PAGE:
Exhibition software which enables users to explore manuscript images either freely or within the context of an exhibition narrative.
Knowledge Transfer Partnership
University of Sheffield
Tribal Group (Sheffield)
exhibition software, French studies, heritage, images, manuscripts, medieval period
high resolution imaging, Java, surface computing, XML
Kiosque is the name given to the software development that arose from a Knowledge Transfer Partnership scheme (overseen by what used to be known as the Department of Trade and Industry) involving the University of Sheffield´s French Department and e-Learning specialists Tribal (Sheffield). A form of viewing software was developed to allow museum visitors to explore flexibly and interactively a set of surrogate manuscripts forming part of a public exhibition: this could either be narrative driven or free exploration depending on a visitor´s preference. Entitled `The Chronicles of Froissart : from conflict to co-operation´, this free exhibition opened to the public on Saturday 8 December 2007 for a six-month run at the Leeds Royal Armouries.
Kiosque is written using Java and can run as an applet or from a standalone desktop machine. The software provides a completely configurable presentation and interaction tool for generic use, using XML files to script and configure everything from the look-and-feel of the interface to the content that is delivered. During the Armouries exhibition, Kiosque was used to deliver narratives about the Chronicles of Froissart and the Hundred Years´ War (from the Online Froissart Project) for varying levels of interaction and information, depending on the preference of the user; the general public. Supporting the narratives, Kiosque interfaces with Virtual Vellum as a means of delivering high-resolution image content to support the complete multimedia experience. Like Virtual Vellum, Kiosque has the potential capability to access data collections directly from the federated SRB Data Grid.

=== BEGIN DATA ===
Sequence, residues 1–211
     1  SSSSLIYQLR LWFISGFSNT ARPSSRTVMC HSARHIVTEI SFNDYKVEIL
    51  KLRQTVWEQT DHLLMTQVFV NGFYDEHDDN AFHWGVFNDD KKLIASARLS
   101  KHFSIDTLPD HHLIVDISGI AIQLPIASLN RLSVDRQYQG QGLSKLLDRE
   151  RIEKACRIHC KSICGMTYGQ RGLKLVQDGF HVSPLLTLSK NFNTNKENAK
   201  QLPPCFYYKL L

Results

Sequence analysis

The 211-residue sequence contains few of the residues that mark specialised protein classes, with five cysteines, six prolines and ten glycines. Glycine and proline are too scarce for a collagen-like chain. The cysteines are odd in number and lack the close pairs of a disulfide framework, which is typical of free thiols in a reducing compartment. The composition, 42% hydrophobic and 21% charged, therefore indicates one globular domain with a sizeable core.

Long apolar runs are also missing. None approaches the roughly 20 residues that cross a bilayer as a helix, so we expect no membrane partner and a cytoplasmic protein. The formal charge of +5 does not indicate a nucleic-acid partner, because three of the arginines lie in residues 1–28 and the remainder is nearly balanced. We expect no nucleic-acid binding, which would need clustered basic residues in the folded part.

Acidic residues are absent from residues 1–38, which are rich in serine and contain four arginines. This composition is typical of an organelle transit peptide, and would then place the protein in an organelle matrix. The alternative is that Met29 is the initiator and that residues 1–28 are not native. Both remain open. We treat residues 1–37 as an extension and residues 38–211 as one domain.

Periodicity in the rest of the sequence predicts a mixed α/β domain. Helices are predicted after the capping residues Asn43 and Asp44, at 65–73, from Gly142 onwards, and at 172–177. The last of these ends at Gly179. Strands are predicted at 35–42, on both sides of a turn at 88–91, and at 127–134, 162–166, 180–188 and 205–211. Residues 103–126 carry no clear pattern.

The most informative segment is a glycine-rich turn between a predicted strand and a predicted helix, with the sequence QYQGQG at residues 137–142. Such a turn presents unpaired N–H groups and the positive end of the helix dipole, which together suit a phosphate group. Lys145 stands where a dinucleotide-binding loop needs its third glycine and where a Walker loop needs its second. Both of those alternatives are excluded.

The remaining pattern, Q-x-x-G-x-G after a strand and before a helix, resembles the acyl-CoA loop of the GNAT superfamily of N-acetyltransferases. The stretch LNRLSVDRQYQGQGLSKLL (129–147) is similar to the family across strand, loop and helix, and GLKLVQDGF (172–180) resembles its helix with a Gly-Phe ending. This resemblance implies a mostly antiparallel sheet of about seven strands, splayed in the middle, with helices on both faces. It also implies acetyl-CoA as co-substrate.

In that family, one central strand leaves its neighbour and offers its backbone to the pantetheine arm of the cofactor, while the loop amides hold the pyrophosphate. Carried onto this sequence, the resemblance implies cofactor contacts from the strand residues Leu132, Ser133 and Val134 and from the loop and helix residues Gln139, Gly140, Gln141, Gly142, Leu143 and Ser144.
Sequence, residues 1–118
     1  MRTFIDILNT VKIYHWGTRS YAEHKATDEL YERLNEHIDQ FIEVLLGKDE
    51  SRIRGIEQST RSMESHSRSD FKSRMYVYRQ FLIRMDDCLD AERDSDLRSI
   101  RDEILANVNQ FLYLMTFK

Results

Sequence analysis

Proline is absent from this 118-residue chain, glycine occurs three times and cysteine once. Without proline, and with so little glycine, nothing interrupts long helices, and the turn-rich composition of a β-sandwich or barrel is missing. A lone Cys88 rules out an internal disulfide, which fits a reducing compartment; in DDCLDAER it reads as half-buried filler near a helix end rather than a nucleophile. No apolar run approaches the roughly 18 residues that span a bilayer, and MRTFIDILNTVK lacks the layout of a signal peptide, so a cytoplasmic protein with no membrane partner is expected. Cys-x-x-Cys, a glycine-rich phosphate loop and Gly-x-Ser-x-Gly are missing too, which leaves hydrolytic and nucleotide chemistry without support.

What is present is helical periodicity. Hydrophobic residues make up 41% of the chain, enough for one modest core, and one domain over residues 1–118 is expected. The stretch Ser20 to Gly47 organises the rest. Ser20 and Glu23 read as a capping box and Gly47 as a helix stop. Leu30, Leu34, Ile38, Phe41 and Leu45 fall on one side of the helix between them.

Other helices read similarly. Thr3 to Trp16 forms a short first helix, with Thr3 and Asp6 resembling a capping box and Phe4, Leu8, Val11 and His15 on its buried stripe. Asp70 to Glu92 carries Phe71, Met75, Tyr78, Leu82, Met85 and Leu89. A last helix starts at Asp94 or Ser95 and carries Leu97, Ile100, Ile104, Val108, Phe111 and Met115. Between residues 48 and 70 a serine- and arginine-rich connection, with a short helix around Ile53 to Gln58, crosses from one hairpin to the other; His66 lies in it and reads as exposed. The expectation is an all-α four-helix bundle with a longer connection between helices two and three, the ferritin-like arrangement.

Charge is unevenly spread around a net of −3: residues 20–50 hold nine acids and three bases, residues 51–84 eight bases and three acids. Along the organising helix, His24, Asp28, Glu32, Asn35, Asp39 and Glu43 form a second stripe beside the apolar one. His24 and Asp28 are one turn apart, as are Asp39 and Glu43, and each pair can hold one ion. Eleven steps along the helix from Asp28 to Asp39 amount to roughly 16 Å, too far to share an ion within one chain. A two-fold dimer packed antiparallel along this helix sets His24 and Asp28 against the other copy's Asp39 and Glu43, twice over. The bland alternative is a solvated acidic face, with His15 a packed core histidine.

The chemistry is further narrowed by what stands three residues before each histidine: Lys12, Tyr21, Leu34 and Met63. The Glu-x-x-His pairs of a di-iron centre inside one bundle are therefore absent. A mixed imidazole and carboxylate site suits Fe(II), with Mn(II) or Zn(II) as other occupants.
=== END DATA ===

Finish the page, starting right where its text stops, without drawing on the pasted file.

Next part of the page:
Although Kiosque has been designed to deliver exhibition material, its design makes it ideally suited to be used as a presentational tool for users wishing to make use of the Virtual Vellum viewing environment, but adds the convenience of scripting actions (and thus preparing them). Choosing which images to display and how many to view simultaneously, along with a function that allows users to zoom and pan round the images are just two of the features that Kiosque provides.
Duration: May 2006 – December 2007
- Prof. Peter Ainsworth (PI – University of Sheffield)
- Bob Banks (Industrial Partner – Tribal Group, Sheffield)
- Dr Michael Meredith (Digital Humanities Developer & Post Doctoral Research Associate – University of Sheffield)